What to do...
Visiting the Cliffs of Moher
Doolin pier is the starting point for the ferry to the Aran Islands, a day trip which shouldn't be missed. A few minutes south of Doolin are the mighty Cliffs of Moher, Ireland's most famous landmark. The Cliffs can also be explored by boat from Doolin pier, or by foot on an exciting new walk along the cliff edge - saving you the parking fees at the visitor centre!
Exploring the Burren
The Burren are about 500 sq.kms of lunar-like limestone landscape and surely one of the wonders of this world. Its apparent bareness nurtures an internationally famous flora. When Stone Age farmers settled in the Burren they found the area forested. By late medieval times the felling of timber and the grazing of cattle produced to-days skeletal landscape. Man has left a mass of evidence of having lived on the Burren for thousands of years. Material remains abound, including megalithic tombs, stone and earth ring forts, round towers, medieval churches, monasteries and castles. Burials took place in Poulnabrone and other dolmens over a period of 600 years from 5200 to 5800 years ago. Gaelic Chieftains like the O'Briens, the O'Connors and the O'Loughlins - who were the Princesses of the Burren - had their castles here. The Burren coastline north of Doolin shows a dramatic and picturesque mixture of stone, beaches and a crystal clear blue Atlantic ocean. The Aran Islands are an extension of the Burren landscape. There are numerous caves, one of which is Doolin Cave, only a few minutes drive from the house. Ailwee Cave, near Ballyvaughan is also open to visitors.You'll get an inside look into the area and its mysteries if you visit the Burren eXposure in Ballyvaughan or the Burren Centre in Kilfenora. The Burren are great for walking and hiking - the old 'Green Roads' are perfect for rambling the unique landscape. You can find GPS tracks for the Burren area here.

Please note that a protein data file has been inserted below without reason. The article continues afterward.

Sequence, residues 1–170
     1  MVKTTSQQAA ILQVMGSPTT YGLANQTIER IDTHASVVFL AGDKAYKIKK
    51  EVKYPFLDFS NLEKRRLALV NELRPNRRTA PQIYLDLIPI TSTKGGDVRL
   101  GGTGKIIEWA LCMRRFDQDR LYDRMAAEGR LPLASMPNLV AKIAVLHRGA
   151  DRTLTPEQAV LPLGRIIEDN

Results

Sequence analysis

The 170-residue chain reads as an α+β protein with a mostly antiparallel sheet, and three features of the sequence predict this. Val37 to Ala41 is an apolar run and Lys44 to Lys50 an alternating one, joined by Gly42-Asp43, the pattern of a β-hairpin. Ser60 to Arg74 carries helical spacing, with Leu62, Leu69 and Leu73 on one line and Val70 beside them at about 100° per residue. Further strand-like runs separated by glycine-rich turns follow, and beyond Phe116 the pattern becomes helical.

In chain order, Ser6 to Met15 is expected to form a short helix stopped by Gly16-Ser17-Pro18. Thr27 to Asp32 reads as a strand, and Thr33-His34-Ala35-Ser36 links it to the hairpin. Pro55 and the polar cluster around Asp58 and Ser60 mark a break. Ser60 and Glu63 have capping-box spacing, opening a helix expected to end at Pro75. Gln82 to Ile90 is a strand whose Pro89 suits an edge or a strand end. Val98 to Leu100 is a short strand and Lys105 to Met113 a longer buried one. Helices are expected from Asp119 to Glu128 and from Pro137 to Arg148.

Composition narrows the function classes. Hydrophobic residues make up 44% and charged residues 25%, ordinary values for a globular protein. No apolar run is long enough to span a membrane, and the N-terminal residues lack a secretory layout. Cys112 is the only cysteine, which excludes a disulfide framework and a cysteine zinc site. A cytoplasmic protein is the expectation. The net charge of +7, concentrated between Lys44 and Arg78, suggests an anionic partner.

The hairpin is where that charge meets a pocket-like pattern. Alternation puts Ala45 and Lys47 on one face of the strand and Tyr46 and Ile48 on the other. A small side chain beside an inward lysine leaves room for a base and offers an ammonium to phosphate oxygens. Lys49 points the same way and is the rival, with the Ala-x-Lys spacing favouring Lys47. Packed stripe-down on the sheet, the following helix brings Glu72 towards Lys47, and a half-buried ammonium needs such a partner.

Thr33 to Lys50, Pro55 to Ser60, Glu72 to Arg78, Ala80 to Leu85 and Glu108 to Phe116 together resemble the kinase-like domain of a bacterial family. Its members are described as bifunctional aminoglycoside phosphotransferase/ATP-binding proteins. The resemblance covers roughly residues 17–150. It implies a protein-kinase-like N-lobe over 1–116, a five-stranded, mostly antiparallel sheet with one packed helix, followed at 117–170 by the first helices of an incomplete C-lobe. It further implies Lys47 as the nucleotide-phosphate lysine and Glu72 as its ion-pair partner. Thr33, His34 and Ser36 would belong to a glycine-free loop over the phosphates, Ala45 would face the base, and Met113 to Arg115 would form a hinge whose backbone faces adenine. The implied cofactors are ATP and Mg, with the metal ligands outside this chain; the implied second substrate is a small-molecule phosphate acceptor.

Traditional Music Doolin has long been associated with great Irish music sessions, and was home to a great traditional Irish whistle player, the late Micko Russell. Every night the pubs in the village are loud with the sound of fiddle, tin whistle, bodhrán, and pipes. Many guests join the locals in the music and the dance. Set dancers also flock to Kilfenora, home of the Kilfenora Ceili Band.
Angling Coastal angling is possible in front of the cottage, but you have a huge choice of lakes, rivers and several spots along the coast line. Fishing trips are leaving from Liscannor, 15 mins. to the south. Lickeen Lake is the most popular fishing lake in the Burren. Lickeen Anglers provide more information about fishing there.
Golfing Golfers can enjoy the proximity of nearby courses like the Links in Lahinch just 20 minutes away. More beautifully located courses along the West coast of County Clare can be found in Doonbeg, Spanish Point, Kilkee and Kilrush!
Swimming & Surfing The beach in Lahinch (20 min. away) is famous with surfers from all over the world. It is also a great beach for swimming, as is the beach in Fanore, 25 min. along the coast to the North. Especially children will enjoy Seaworld (Swimming Pool Aquarium) at the Strand Promenade in Lahinch